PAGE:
- Labor march could affect LA airport travelers (SF Chronicle)
A labor march could delay Thanksgiving eve travelers at Los Angeles International Airport on one of the busiest travel days of the year. Members of the Service Employees International Union are expected to march between 11 a.m. and 4 p.m. Wednesday outside the Century Boulevard entrance to the airport. The union is in a dispute with an airport services company that no longer has SEIU contracts.
- Black Thursday: Stores opening even earlier this year is the new norm (SJ Mercury News)
The furious competition among retailers to one-up each other with bigger and earlier Black Friday sales may turn Thanksgiving dinner into a quick turkey sandwich. While the holiday shopping season traditionally kicks off the day after Thanksgiving, known as Black Friday, the push to sell holiday presents is moving earlier and earlier. Now big retailers have laid claim to Thanksgiving evening and some Bay Area malls are opening at midnight for the first time, leaving some to wonder if the traditional family holiday will disappear as more consumers are lured by big discounts and aggressive retail advertising.
- New San Francisco-Oakland Bay Bridge is officially holding its own weight (Oakland Tribune)
The new Bay Bridge surpassed a herculean milestone Tuesday as engineers and contractors announced the world’s longest self-anchored suspension span is officially holding its own weight. “There is, it is fair to say, a big collective sigh of relief from all the engineers working on this project,” said Metropolitan Transportation Commission Executive Director Steve Heminger, who leads one of the three agencies overseeing the $6.4 billion construction project.
- S.F. barely passes public-nudity ban (SF Chronicle)
Undressing in public will likely no longer go unpunished in San Francisco, as the Board of Supervisors voted by the barest of margins Tuesday to ban public nudity. Derided by nudity defenders as an attack on personal expression and supported by others who’ve had enough of seeing those who let it all hang out, the legislation bans genital exposure on all city sidewalks, plazas, parklets, streets and public transit.
- Thanksgiving holiday closures, mass transit schedules (SF Chronicle)
Federal, state courts and offices Closed Thursday. State courts and offices closed Friday; federal courts closed; some offices open. City and county offices Closed both days. Banks, savings institutions Closed Thursday, open Friday.
- SF supervisors back micro-apartments
The San Francisco Board of Supervisors voted Tuesday to give pint-size apartments a try, approving legislation that would allow for the construction of hundreds of 220-square-foot residential units. Up to two people will be allowed to live in the micro-apartments, which legislation sponsor Supervisor Scott Wiener said would help those who want to live alone but can’t afford most of the studio apartments on the market.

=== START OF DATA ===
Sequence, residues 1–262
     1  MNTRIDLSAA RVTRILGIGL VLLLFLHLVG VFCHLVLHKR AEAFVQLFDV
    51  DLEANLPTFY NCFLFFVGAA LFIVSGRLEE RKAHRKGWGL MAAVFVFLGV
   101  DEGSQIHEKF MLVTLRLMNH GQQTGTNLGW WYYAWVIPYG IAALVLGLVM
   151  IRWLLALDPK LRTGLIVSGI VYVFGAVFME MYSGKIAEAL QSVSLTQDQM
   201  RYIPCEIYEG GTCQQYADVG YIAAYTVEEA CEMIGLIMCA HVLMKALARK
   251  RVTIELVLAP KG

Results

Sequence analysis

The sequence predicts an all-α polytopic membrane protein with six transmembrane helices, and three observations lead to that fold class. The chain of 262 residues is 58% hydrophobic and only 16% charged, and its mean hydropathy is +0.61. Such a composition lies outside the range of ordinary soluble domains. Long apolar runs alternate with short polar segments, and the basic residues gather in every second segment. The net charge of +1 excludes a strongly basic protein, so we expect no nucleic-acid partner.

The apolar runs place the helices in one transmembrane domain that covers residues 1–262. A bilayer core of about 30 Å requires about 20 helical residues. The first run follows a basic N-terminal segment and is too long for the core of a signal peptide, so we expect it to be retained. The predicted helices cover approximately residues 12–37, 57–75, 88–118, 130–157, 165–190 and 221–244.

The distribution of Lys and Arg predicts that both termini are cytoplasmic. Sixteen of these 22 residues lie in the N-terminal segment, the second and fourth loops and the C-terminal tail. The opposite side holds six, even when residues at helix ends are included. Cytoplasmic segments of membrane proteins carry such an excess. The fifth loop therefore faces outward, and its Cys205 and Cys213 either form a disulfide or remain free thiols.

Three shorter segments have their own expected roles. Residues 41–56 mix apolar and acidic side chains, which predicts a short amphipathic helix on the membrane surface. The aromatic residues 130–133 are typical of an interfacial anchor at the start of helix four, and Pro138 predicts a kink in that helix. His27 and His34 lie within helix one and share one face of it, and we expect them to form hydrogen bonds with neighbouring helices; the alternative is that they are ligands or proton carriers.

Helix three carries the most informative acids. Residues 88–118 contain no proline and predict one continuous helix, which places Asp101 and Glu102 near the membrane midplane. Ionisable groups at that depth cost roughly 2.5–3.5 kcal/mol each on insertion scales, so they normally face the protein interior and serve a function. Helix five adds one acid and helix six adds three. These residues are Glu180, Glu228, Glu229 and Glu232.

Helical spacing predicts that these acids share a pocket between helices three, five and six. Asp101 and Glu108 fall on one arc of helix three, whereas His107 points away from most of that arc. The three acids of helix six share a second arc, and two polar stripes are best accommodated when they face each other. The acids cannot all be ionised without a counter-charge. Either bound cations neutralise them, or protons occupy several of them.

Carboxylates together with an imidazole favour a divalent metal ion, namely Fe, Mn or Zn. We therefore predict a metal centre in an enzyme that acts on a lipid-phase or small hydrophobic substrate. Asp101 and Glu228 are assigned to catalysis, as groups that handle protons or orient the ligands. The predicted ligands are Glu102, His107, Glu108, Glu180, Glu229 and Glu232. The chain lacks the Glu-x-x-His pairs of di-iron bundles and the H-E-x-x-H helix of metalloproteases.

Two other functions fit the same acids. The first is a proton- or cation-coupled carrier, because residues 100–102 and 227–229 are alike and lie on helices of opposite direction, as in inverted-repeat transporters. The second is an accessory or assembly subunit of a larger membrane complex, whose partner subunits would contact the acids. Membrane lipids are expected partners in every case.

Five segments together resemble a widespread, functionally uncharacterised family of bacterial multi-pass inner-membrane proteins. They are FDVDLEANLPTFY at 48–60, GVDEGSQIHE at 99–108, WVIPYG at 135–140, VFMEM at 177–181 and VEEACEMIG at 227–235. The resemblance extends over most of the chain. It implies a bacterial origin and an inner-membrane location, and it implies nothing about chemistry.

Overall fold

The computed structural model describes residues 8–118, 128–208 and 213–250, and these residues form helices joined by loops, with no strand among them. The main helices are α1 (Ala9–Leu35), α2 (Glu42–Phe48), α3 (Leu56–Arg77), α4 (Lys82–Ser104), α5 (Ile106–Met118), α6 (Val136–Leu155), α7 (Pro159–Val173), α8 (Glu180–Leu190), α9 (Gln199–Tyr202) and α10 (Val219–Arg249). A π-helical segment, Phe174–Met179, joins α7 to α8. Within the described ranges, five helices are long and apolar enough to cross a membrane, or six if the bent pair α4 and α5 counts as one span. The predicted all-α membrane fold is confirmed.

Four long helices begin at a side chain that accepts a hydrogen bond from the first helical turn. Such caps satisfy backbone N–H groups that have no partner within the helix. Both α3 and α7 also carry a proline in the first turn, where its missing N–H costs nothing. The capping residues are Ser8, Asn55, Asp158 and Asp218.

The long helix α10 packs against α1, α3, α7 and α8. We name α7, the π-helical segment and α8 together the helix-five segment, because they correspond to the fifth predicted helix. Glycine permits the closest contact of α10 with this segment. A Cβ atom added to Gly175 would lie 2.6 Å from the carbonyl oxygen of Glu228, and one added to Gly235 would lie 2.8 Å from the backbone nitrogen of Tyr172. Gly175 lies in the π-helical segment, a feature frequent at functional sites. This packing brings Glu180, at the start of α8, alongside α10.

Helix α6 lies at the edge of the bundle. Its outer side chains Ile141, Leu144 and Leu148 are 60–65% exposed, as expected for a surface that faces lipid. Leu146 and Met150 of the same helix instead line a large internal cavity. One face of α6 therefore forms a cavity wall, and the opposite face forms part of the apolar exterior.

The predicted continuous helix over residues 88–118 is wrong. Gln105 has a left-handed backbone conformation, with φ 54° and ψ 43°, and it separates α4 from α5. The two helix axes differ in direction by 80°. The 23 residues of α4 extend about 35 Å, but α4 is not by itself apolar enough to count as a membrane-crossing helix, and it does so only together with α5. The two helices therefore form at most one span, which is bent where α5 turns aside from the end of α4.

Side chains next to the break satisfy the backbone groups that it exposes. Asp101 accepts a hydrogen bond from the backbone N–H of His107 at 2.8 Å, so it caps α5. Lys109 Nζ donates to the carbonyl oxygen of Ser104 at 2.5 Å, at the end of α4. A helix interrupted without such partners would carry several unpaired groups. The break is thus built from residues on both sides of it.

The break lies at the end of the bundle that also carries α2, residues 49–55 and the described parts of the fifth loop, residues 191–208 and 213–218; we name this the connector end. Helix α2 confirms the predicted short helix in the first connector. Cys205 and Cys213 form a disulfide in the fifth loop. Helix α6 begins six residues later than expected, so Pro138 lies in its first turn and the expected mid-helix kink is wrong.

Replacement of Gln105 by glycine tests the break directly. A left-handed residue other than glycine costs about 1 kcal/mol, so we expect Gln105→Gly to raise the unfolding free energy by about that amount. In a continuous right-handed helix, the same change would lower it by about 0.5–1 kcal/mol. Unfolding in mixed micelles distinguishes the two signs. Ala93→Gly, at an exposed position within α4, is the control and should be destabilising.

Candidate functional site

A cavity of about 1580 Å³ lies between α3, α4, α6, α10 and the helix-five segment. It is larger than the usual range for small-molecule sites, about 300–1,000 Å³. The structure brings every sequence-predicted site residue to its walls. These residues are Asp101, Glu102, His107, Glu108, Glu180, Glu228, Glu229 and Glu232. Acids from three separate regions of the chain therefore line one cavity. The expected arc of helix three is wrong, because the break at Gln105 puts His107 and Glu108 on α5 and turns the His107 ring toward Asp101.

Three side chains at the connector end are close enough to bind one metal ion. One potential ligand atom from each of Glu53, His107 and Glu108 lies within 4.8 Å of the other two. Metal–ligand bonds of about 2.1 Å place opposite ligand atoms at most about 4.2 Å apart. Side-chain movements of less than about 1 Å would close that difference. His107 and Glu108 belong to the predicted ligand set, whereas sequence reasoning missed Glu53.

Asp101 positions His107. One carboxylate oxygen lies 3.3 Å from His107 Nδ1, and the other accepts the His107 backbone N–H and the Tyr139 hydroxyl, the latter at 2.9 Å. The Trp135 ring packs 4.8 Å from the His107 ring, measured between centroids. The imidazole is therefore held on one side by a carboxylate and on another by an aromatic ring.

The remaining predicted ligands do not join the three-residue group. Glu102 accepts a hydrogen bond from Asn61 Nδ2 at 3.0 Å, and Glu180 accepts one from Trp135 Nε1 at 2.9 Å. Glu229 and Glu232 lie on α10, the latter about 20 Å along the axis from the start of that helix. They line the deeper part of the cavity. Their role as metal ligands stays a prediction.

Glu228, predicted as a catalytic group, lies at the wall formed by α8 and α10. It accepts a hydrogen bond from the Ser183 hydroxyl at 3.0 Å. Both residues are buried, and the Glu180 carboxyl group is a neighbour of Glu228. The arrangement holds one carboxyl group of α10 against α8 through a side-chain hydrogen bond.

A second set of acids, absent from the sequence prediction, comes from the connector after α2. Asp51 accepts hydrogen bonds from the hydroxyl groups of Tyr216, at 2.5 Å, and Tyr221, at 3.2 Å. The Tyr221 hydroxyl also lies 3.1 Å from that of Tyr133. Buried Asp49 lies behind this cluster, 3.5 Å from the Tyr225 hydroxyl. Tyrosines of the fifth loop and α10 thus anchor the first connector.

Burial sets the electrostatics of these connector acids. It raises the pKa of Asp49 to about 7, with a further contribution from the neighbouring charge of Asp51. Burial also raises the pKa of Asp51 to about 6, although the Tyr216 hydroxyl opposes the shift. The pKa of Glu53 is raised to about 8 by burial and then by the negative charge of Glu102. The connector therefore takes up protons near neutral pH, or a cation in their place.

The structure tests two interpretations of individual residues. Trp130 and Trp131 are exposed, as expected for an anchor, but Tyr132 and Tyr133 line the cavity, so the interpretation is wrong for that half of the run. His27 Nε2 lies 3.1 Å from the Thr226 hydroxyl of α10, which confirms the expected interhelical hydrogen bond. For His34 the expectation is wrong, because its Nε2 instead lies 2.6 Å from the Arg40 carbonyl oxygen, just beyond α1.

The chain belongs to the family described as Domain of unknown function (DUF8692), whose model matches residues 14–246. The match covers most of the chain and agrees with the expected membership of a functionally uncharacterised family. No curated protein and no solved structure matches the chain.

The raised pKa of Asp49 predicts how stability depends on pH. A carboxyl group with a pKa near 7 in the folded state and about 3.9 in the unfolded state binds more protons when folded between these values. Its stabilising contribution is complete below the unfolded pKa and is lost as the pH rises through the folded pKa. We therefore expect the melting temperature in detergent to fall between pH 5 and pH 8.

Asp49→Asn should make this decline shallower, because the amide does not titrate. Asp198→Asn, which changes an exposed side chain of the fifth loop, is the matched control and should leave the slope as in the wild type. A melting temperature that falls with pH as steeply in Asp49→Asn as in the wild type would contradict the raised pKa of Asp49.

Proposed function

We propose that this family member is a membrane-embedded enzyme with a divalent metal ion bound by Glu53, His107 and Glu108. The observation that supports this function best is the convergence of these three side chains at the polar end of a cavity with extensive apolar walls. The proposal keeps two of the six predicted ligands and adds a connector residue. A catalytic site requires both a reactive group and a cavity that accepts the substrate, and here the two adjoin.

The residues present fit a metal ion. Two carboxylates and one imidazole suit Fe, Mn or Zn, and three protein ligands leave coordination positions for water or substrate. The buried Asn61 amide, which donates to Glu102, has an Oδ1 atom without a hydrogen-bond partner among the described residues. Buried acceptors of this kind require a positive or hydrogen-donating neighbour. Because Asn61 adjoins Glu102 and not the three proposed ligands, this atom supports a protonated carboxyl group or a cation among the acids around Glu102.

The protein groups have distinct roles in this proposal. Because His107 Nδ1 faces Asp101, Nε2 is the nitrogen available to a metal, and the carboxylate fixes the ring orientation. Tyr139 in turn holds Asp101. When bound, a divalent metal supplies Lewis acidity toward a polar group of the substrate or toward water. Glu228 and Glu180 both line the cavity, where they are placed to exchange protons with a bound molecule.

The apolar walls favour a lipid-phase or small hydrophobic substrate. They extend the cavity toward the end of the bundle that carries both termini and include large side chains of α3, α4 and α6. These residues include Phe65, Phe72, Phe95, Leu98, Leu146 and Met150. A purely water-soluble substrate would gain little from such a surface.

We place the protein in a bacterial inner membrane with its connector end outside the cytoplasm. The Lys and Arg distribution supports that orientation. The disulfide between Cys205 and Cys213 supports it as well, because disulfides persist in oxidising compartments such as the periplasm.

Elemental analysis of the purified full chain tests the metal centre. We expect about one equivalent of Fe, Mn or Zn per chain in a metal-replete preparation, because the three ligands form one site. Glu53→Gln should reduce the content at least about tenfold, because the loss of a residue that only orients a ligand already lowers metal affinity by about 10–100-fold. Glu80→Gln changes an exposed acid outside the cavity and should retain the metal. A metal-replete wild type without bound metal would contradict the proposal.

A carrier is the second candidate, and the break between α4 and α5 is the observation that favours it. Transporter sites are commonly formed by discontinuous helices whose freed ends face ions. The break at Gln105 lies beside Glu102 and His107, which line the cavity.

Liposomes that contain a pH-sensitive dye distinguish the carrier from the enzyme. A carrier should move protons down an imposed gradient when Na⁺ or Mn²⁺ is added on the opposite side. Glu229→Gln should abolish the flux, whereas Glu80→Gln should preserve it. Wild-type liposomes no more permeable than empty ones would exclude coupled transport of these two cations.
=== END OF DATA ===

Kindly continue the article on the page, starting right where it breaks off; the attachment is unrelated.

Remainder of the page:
- California elected officials set to take pay cut (Sacramento Bee)
California elected officials from governor to legislator will see their pay cut by thousands of dollars next month under decisions made by appointees of former Gov. Arnold Schwarzenegger. Effective Dec. 3, Gov. Jerry Brown’s pay will drop to $165,288. Legislators will be paid $90,526, legislative leaders $104,105. Salaries for constitutional officers from attorney general to secretary of state will range from $143,571 to $123,965.
Santa Clara County Board President George Shirakawa, under fire for thousands of dollars of questionable credit card spending of taxpayer money, on Tuesday called the reports of his alleged financial improprieties a “political lynching,” and urged the public to essentially ignore the accusations against him. “Much has been written in the past about my personal office’s P-card usage, and I wanted to tell you … don’t let this be a distraction,” he said in his first public comments about the purported misspending, directed to his four board colleagues at a regularly scheduled board meeting.
Pleasanton: Police commander’s wife, suspect in elder fraud case, turns herself in (Contra Costa Times)
The wife of a former police commander suspected of conspiring with her husband to defraud an elderly Pleasanton woman has surrendered to authorities, police said Tuesday. Elizabeth Regalado, 30, turned herself in at Hayward police headquarters on Friday, Pleasanton police Sgt. Kurt Schlehuber said. She was charged with one count of felony conspiracy to defraud her 82-year-old neighbor, Schlehuber said.